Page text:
What Was Right and Wrong With Glenn Beck’s “Restoring Honor” Rally

The pundits of the airwaves, newsprint and blogosphere have issued their assessments of the Glenn Beck rally at the Lincoln Memorial with predictable results: those who admired Beck before the rally liked it, and those who detest him ridiculed it. The New York Times, in its inimitable fashion, showed contempt for the proceedings by relegating its account to page 15, even though every past D.C. rally and march of equivalent or lesser size (especially those advocating social or political positions popular with the Times staff) received more prominent coverage. To Times columnist Frank Rich, Beck’s rally was part of a racist conspiracy hatched by billionaires—yes, Frank, sure it was. John Avlon, who long ago branded Beck as a wingnut, reasonably pointed out that it was a wee bit hypocritical for Beck to preach against divisiveness when his own cable show is one of the most polarizing, even by Fox news standards. And John Batchelor, who may be the most serious, erudite, and balanced public affairs radio talk show host in captivity, dismissed the rally as harmless and Beck as a clown:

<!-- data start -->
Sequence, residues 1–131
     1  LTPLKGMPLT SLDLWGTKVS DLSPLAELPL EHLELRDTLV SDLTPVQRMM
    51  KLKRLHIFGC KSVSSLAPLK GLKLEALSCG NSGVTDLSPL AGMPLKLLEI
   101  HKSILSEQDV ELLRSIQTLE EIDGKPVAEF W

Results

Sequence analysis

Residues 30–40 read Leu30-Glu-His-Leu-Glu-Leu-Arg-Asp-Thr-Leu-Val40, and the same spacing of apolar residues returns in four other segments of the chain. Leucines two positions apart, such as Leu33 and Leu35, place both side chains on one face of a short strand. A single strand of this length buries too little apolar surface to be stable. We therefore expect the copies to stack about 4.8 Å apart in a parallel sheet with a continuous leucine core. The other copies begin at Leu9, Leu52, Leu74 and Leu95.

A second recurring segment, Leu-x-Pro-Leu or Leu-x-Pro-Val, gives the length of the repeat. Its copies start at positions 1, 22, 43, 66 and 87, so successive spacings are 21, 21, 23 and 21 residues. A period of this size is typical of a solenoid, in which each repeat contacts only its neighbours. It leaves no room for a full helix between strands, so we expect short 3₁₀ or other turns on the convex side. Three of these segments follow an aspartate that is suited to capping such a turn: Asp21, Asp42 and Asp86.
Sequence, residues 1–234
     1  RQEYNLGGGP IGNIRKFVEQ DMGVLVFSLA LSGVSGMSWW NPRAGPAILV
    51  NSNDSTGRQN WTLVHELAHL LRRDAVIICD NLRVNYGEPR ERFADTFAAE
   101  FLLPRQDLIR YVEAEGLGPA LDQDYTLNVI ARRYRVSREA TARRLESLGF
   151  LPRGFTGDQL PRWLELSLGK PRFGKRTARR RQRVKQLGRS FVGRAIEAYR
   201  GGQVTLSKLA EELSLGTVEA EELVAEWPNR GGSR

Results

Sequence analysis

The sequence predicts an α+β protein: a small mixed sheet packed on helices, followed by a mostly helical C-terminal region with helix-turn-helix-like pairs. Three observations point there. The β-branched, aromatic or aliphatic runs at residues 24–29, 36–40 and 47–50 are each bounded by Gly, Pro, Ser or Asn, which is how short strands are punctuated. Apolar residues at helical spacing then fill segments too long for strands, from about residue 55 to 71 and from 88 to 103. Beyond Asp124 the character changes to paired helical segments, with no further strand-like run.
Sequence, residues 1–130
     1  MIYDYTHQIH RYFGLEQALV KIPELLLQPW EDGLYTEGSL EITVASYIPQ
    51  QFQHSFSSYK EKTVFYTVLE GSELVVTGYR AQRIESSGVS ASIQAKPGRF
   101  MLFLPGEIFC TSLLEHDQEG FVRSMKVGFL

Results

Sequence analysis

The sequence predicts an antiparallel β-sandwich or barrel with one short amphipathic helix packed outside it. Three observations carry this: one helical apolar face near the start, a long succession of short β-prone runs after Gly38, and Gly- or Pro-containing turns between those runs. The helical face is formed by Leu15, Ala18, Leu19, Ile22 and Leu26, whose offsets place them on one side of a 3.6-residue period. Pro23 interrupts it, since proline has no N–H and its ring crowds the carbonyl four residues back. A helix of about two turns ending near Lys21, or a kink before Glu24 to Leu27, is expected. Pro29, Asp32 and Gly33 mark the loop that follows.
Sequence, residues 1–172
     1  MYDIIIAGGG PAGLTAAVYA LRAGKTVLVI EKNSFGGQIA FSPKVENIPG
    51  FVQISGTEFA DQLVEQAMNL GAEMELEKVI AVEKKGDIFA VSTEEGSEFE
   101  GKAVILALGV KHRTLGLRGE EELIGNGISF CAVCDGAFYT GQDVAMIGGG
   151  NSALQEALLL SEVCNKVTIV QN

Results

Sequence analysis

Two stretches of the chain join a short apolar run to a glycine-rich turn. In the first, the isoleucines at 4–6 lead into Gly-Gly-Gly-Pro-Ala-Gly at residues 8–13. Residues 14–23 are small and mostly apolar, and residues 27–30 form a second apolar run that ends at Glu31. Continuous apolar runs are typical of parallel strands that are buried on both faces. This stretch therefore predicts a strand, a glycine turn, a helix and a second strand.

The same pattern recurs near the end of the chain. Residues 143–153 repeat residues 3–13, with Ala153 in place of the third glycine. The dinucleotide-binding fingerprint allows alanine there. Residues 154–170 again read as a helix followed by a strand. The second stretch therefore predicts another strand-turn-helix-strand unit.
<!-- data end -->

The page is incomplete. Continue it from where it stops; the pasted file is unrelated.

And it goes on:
“I think of him now and again as Quasimodo Lite, a deaf bell-ringer swinging from the Notre Dame of Fox, a man who is eager to confess his own unsightly warts—“I’ve screwed up most of my life”—and who is also heroically delighted to be our slightly stooped “Pope of Fools,” because this accidental role, in this Festival of Fools called 2010, wins the cheers of the crowd.”

Even less charitable was the Baltimore Sun’s TV critic, who accused Beck of “stealing Martin Luther King’s moral authority.” Less charitable still was MSNBC’s Chris Matthews, who seems to have been driven a little mad—or at least a little unprofessional, perhaps— by the fact that Beck had the audacity to hold his rally on the anniversary of King’s iconic “I have a dream” speech. Matthews’s hyperbole was, well, Beck-like:

“Can we imagine if King were physically here tomorrow, today, were he to reappear tomorrow on the very steps of the Lincoln Memorial? “I have a nightmare that one day a right wing talk show host will come to this spot, his people`s lips dripping with the words ‘interposition’ and ‘nullification.’ Little right wing boys and little right wing girls joining hands and singing their praise for Glenn Beck and Sarah Palin. I have a nightmare!”

Was Beck’s bash really a nightmare? Political biases aside (Chris), the question for Ethics Alarms is what was right and wrong about the “Restoring Honor” rally.

The only fair way to judge the rally is to consider its content, not dark suspicions of what its motives might be, or the flaws of its most flawed participants.

What was right: